Today’s applications are more complex than ever and it can be very challenging to set up and maintain these environments. Many organizations resort to a small number of shared environments, but you are trying to keep up with frequent developer builds, concurrent projects, and ever-changing data.

      This session introduces Microsoft’s Lab Management solution which allows developers and QA to self-provision their own environments. We’ll look at you can take advantage of virtualization (on-premises or cloud) to create environments, roll them back to known states, and attach them to bugs while minimizing the labor in your data center.

      During this event, your local MTM Specialist will provide you an inside look and show you the capabilities of Microsoft Test Manager. Furthermore, we’ll cover how quality is an accountability and addressable by the entire development organization.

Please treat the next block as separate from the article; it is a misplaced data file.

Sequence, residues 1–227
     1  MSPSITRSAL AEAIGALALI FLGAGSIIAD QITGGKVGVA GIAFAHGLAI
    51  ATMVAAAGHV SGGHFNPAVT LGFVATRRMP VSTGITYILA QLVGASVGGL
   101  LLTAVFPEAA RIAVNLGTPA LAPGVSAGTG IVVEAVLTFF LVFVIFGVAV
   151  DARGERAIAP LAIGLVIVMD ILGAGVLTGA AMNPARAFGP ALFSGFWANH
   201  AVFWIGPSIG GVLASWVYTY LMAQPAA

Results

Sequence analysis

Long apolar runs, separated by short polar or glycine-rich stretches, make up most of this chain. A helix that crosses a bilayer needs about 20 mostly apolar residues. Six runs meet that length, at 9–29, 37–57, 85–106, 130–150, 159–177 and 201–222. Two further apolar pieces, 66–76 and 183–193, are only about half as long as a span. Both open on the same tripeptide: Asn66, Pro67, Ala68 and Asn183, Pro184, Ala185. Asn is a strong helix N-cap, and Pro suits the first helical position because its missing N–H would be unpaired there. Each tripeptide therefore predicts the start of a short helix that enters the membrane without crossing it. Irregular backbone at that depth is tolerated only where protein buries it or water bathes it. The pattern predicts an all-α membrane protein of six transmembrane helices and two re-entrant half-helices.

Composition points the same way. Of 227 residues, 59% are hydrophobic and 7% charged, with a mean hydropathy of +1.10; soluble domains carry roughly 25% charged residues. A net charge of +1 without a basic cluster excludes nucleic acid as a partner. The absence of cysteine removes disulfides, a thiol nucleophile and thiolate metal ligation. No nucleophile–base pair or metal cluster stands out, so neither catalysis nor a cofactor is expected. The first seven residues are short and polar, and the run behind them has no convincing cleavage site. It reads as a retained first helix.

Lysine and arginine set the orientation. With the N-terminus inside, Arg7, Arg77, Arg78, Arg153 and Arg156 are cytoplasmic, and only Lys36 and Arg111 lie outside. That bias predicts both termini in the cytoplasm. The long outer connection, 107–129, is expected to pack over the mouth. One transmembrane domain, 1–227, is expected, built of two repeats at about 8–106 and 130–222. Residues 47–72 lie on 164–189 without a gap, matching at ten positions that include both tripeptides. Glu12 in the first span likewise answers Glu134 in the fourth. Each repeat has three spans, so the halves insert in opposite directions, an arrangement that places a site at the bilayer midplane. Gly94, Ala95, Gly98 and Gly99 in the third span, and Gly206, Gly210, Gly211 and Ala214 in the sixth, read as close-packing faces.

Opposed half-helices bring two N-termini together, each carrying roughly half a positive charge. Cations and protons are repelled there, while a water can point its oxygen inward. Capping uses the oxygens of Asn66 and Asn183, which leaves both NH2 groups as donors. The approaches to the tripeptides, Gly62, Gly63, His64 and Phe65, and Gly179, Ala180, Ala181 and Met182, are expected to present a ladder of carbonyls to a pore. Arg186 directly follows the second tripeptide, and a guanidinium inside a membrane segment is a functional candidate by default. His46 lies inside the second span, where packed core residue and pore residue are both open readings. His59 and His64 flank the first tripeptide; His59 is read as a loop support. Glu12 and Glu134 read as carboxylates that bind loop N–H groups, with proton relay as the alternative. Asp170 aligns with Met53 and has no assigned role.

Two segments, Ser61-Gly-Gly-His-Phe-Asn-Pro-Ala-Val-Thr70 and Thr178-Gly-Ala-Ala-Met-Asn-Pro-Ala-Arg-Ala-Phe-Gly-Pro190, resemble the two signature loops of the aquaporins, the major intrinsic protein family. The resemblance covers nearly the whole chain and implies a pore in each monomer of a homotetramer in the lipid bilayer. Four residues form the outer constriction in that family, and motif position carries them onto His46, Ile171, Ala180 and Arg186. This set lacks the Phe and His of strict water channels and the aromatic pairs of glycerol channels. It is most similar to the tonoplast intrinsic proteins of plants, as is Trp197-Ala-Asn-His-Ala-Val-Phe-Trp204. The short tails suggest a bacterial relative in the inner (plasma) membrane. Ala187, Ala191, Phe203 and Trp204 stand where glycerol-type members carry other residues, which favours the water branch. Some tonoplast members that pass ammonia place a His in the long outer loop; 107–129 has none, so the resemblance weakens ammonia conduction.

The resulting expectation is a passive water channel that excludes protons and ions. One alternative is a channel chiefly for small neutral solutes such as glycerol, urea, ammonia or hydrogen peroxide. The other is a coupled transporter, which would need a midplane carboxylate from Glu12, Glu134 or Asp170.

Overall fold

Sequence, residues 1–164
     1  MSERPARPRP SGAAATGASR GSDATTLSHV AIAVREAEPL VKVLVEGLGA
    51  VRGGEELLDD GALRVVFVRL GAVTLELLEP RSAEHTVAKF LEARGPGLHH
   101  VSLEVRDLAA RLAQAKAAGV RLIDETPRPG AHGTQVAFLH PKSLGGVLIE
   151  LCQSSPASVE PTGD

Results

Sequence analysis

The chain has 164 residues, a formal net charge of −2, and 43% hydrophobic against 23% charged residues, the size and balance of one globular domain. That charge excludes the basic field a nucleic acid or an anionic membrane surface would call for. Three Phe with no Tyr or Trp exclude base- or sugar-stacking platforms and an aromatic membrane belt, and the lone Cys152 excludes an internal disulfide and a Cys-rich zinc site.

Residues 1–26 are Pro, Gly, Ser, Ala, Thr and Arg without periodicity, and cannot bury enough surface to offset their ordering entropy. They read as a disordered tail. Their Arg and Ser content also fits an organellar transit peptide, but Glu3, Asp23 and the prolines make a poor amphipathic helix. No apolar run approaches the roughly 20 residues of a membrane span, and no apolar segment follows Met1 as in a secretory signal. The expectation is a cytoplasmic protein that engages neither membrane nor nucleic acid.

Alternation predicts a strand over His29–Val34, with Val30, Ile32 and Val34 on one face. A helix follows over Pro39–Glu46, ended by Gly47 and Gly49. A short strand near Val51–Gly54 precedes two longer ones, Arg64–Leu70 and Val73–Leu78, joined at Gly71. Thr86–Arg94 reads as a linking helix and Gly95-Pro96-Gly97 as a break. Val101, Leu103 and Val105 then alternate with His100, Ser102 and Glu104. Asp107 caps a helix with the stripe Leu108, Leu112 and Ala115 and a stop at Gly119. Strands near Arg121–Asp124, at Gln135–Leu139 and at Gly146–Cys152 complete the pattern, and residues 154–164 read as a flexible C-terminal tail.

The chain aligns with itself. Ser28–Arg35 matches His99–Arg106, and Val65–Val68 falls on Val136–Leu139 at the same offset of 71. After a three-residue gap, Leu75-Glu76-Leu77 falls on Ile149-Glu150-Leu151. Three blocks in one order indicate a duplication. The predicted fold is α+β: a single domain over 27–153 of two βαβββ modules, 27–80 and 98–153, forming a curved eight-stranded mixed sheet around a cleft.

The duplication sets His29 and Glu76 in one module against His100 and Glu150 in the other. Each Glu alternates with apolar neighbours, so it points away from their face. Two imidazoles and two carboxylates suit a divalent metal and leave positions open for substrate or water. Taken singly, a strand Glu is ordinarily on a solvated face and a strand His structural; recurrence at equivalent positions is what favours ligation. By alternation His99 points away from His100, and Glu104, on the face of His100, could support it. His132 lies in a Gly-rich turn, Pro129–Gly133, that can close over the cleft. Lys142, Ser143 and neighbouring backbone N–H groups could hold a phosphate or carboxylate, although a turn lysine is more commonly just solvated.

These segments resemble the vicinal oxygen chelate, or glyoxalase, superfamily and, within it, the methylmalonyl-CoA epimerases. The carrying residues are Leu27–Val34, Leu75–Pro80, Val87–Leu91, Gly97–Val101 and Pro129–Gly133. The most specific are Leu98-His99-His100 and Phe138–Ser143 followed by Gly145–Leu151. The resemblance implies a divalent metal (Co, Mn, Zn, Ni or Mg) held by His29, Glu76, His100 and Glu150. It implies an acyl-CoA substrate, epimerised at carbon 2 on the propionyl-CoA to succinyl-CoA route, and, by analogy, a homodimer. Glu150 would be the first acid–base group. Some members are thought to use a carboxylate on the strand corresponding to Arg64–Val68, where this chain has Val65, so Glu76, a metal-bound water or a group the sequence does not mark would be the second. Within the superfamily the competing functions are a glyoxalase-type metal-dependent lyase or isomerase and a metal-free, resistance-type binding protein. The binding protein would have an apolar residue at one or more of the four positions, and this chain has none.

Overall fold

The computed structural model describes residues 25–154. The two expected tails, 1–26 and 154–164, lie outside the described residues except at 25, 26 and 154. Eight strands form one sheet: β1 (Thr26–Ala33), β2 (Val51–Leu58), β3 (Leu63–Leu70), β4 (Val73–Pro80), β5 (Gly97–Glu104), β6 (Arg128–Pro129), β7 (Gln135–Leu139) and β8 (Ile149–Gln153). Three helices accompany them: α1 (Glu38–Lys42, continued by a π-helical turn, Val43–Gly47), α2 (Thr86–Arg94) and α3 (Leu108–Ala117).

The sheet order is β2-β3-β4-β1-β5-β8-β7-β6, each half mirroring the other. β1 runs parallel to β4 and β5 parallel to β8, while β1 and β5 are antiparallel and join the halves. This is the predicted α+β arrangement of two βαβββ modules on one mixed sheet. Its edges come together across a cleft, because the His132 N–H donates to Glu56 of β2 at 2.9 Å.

REGISTER NOW at a city near you using one of the links provided:

      10/10 Southfield, MI

      10/22 Milwaukee, WI

      10/23 Chicago, IL

      10/24 Indianapolis, IN

      10/28 Nashville, TN

      10/29 St. Louis, MO

      10/30 Kansas City, KS

      11/4 Columbus, OH

      11/6 Cleveland, OH

      11/6 Edina, MN

      Event starts promptly at 9am. Complimentary Food & Beverages provided in the morning

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      Chicago Visual Studio ALM User Group - Holiday Party on Dec 12th 2012

      by Angela 1. December 2012 12:48

      Are you a regular attendee? Someone who hasn’t been to a meeting in a while? Someone who has never been and has been looking for the perfect topic? Well, c’mon down! Next week is our annual holiday meeting. In the past few months there has been a release of Visual Studio as well as an update, and not just any update but a MASSIVE update with lots of good new functionality. So go download it today!